I don’t want to pick on ice cream socials. They actually were among a couple assets’ top 10 most engaged pieces of content in 2019. However, we noticed that when given the opportunity between a small sugary treat and the ability to grow personally and professionally, our users seemed to prefer the latter … then probably eventually rewarded themselves with a little ice cream afterwards.
Our Users Are Creative
Building off of their aspirations, our users showed enthusiasm for learning and self expression. We served as the platform for signup and planning of nearly 100 educational opportunities including lectures, craft classes, fitness classes, and professional education opportunities.
Users loved these, often signing up for recurring classes up to five weeks in advance. Though these programs are only available in a few of our assets, creative and educational opportunities accounted for about 15% of our most popular content.
As we search for sources of value to suggest to our clients, we feel fortunate that we are always able to point to ready feedback that says we should include more classes and more spaces in which our users feel they can grow.
Our Users Are Energized
Very little is more consistently climactic in our week as watching trivia answers pour in on Thursdays at 10 a.m. Our Tenant Experience team have almost all written an iteration of our weekly trivia, and take pride in bringing out the bottomless positive energy our users have.
Every one of us has gone to events and seen this in person. The same enthusiasm that brings in hundreds of responses within the first few minutes of trivia shines through in smiles and assurances that we help make peoples’ work days better. We deeply appreciate the enthusiasm we see from users and the hundreds of pieces of ready feedback they had for us in 2019. Our users appreciate what we try to do at HqO and whole-heartedly participate in the process through surveys, messages to us, working sessions, and personal interactions.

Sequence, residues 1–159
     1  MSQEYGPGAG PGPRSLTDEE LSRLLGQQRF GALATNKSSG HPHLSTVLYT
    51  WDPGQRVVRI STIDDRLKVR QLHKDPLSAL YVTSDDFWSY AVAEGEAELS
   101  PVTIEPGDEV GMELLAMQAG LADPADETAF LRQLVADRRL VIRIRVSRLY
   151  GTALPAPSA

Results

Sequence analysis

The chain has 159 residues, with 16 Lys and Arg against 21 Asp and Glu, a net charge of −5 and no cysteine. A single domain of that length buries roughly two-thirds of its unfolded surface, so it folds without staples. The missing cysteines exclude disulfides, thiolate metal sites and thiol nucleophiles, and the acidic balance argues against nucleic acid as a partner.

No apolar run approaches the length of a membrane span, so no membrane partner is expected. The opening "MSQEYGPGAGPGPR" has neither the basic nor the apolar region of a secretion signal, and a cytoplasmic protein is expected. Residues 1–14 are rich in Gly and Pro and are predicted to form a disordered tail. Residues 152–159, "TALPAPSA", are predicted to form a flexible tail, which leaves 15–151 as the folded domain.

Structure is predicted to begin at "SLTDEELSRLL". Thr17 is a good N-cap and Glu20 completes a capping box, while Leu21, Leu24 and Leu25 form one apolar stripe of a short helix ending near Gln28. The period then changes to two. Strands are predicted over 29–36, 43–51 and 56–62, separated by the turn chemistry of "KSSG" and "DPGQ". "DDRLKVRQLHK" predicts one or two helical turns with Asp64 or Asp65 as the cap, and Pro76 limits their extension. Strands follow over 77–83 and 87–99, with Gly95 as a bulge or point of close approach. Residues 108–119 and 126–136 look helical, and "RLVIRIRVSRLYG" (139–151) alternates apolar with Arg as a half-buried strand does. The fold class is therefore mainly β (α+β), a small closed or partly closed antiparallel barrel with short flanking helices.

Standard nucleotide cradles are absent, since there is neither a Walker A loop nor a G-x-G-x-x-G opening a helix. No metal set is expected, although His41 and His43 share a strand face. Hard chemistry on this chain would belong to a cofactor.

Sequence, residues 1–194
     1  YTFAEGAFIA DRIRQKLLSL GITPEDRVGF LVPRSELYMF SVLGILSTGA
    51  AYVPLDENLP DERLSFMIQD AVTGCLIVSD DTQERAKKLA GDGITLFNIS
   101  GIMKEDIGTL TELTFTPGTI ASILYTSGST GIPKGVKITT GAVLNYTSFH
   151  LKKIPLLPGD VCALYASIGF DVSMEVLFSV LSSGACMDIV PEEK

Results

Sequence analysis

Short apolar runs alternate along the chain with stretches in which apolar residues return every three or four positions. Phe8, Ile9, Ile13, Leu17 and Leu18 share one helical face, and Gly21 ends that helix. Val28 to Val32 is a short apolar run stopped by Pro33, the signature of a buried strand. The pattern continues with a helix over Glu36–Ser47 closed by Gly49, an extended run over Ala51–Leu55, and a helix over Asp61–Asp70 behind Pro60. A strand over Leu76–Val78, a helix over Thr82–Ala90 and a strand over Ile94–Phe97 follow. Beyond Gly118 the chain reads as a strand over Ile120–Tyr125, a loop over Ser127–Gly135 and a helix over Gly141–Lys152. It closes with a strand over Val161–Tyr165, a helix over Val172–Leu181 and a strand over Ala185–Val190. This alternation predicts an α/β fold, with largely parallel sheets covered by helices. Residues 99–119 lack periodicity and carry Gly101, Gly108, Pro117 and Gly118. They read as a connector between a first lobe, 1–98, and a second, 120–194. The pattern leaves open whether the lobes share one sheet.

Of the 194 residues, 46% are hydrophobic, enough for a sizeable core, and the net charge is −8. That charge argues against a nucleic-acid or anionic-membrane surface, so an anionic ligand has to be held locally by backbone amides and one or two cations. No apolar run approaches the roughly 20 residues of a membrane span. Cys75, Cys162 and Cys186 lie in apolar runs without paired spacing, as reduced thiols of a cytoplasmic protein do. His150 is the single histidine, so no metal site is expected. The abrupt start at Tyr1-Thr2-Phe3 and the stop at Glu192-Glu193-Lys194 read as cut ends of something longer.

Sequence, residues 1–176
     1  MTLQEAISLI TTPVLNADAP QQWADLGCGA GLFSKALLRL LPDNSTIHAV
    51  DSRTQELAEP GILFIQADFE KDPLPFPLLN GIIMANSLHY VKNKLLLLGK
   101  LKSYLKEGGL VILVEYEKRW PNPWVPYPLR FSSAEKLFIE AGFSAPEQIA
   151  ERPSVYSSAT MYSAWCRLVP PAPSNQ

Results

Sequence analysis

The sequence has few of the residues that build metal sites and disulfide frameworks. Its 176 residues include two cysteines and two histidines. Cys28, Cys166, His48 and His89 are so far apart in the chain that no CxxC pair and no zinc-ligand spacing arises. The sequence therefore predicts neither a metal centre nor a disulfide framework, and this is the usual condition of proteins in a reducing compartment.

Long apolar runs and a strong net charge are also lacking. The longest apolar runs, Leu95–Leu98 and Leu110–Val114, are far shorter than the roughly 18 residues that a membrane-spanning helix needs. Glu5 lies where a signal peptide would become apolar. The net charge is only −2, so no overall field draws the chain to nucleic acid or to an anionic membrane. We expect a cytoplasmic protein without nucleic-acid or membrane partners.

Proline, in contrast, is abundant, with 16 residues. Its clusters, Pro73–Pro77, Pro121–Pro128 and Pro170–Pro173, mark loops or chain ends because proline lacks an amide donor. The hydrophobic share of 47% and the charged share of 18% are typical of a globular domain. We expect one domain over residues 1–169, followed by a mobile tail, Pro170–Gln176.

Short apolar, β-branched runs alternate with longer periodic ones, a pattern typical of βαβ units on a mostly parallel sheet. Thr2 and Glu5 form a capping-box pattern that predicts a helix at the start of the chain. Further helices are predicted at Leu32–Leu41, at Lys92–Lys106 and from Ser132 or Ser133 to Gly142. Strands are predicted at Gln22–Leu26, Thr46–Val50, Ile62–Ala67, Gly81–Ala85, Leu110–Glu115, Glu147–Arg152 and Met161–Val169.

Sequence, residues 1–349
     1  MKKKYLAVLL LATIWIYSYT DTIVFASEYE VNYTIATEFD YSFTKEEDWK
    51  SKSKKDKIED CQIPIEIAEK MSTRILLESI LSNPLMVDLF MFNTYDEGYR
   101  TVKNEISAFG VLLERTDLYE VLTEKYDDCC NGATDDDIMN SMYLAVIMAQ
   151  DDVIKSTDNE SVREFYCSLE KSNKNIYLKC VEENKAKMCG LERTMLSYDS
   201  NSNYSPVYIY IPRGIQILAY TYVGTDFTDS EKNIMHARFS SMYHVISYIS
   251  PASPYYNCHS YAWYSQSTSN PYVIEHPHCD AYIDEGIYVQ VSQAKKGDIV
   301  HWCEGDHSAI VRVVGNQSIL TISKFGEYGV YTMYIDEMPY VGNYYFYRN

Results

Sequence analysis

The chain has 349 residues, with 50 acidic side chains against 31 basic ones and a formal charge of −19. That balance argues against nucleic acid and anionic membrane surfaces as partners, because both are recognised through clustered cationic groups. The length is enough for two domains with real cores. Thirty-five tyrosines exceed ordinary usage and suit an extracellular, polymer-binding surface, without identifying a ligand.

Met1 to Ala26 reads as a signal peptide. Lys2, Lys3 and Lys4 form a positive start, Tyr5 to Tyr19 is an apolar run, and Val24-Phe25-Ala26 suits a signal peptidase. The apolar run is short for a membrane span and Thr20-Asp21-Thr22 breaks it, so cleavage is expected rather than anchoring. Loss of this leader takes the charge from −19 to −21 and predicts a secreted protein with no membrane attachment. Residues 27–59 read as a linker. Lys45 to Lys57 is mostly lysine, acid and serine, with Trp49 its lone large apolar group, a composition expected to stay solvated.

Our Users Have a Personal Stake in the Places They Work
Maybe the biggest surprise for us this year was the runaway winner for the most consistently popular activity:
We were shocked by how popular they were; we hit our max budget for the giveaway almost every time these little plants were offered. All told, we gave away over a thousand.
Our users repeated the same sentiment at each of these giveaway events: they were overjoyed to have something alive on their desk. Work can be an environment for nurturing, but often it isn’t. Nothing offers a convenient, non-stressful-but-fully-rewarding opportunity for tiny acts of caring like a small desk plant. I have my own succulent on my desk, and whenever I water or care for it, it’s a friendly reminder that my desk is my own space.
Whether we admit it to ourselves or not, work is an emotional home for us. Having a personal touch that reflects that emotional investment acknowledges the humanity of the places we work.
Beyond desk plants, we’ve seen this humanity in the community building efforts of our users. We have helped advertise tenant-organized Pokémon GO! clubs, running clubs, and ping-pong tournaments. At a couple of our buildings, feedback surveys were the most popular pieces of content for a given month. People care deeply about their office and seek to turn it into a home away from home.
What’s Next for PropTech Data Analysis?
Identifying and looking for patterns in how people use our apps is a full-time job. Often, getting the answers is not as difficult as arriving at the right questions. For 2020, I hope to continue to answer the questions: What makes our users good? What makes our users feel human? How can HqO use the tools our users give us to foster their loyalty, aspirations, creativity, energy, and personal investment to make their office a place they love?
We’ve only just scratched the surface.